Learning to delay gratification rather than seeking immediate satisfaction is essential for success, particularly when it comes to things like investing, business, and making money.

Yet it’s not easy to change ingrained habits and the approaches to life that you’ve been practicing since childhood, but once you’re aware of the importance of the concept of delayed gratification, it’s entirely doable.

The problem is the average Australian focuses on survival and instant gratification.

They don’t think beyond the moment.

However, the very rich think and plan very far into the future—five, ten, or twenty years.

This picture may help you understand what I’m getting at.


The poor think about the moment— they can’t wait for their pay at the end of the week.

The middle class is hoping to make it through the month.

The rich are planning a year to several into the future, and the multi-millionaires are thinking a decade or two future.

Remember, if it comes too quickly, chances are you will lose it again just as readily.

All good things take time.

As Warren Buffet wisely said: “Wealth is the transfer of money from the impatient to the patient.”

5. Don’t think you can ever make money by trading

Oliver TradeWhether it’s property, financial commodities, shares, etc.; trading is really a form of gambling, and the only people who seem to make money out of this are the trading “educators” and the “bookmakers.”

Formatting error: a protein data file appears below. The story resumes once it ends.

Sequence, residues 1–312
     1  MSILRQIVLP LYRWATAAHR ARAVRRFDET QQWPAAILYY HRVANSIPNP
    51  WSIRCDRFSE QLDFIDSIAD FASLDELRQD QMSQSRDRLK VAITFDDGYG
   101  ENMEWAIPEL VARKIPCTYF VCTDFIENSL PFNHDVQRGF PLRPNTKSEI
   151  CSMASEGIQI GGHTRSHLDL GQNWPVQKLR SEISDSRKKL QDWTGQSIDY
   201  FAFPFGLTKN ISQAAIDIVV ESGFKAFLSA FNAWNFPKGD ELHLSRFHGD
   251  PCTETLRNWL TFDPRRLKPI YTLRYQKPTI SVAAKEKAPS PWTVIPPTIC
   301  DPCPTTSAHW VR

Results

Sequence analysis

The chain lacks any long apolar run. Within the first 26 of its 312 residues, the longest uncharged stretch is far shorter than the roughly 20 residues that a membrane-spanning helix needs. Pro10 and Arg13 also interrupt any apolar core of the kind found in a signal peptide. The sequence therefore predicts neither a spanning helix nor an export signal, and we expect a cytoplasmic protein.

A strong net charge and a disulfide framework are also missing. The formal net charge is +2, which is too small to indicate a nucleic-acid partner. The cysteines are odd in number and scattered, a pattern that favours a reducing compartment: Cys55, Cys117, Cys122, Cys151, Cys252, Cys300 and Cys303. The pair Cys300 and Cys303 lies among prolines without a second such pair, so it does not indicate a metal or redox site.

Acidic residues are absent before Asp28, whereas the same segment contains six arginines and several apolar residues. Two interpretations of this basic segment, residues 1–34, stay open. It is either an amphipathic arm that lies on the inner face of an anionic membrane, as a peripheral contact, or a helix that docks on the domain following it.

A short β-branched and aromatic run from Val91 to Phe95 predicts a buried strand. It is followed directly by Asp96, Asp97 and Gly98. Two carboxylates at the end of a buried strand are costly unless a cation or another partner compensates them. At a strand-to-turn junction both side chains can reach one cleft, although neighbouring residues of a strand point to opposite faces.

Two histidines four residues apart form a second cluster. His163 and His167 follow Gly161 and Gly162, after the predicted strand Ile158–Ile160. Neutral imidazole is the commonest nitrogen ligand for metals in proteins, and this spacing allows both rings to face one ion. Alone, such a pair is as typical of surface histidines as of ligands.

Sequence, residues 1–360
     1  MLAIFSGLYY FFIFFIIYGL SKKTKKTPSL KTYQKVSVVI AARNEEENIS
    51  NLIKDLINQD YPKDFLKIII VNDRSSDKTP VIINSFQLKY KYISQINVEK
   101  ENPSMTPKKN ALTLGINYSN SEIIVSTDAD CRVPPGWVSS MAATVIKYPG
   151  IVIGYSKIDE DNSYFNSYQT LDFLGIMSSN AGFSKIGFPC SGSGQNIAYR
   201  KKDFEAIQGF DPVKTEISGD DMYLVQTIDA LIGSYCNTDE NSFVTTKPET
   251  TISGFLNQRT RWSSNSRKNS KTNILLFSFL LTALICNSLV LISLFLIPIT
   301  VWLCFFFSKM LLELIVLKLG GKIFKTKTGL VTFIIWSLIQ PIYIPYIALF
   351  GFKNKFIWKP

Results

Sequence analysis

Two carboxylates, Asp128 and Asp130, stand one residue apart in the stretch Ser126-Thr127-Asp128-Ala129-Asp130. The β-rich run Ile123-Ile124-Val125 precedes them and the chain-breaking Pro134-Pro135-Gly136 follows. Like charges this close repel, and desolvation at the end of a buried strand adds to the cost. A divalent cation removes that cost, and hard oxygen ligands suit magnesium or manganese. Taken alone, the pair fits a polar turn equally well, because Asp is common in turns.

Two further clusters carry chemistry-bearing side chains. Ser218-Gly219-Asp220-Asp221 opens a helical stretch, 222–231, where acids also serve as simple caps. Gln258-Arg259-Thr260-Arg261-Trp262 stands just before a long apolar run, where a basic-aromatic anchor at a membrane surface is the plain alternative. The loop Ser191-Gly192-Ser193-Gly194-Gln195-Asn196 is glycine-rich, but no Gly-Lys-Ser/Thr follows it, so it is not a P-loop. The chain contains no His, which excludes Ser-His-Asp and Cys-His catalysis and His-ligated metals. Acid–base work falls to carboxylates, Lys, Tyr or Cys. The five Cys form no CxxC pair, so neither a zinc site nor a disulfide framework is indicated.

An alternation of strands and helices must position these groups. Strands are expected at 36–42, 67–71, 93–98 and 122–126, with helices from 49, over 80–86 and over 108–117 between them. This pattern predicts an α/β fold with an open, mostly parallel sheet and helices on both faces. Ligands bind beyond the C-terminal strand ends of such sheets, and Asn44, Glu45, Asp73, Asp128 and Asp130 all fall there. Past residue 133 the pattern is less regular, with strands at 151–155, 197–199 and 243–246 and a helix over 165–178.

It’s interesting how people with an ego bigger than their experience believe they can beat the odds.

No, they can’t.

Instead, stick to the wealth creation strategies that have always worked; either investing in income-earning real estate, a business or a share portfolio.

6. Avoid Credit Card Debt

While credit cards can be very useful at certain times of your life, don’t use them to maintain an expensive lifestyle to impress people who you barely know.

This is a huge financial mistake.

Remember the balance on your credit card isn’t your money, it’s the banks’ and they’ll charge you for the privilege of using it.

7. Insure yourself

Liability InsuranceInsure yourself against bad surprises such as cancer, a heart attack, a car accident or death.

Most people set up their insurance as a consequence of devastating news about a friend or a loved one, but if you don’t insure yourself when you don’t need it, you will find yourself uninsurable when you do need it.

And then hope your insurance is a total waste of money.

The bottom line

Becoming financially fluent will be the best gift you can give yourself.

And getting sound impartial financial advice along the way is not a cost, it’s an investment.

It’s interesting that all the wealthy people I know have advisors and are happy to pay for them, while the average Australian gets their financial advice from Facebook or Twitter.

About Michael is a director of Metropole Property Strategists who help their clients grow, protect and pass on their wealth through independent, unbiased property advice and advocacy. He's once again been voted Australia's leading property investment adviser and one of Australia's 50 most influential Thought Leaders. His opinions are regularly featured in the media.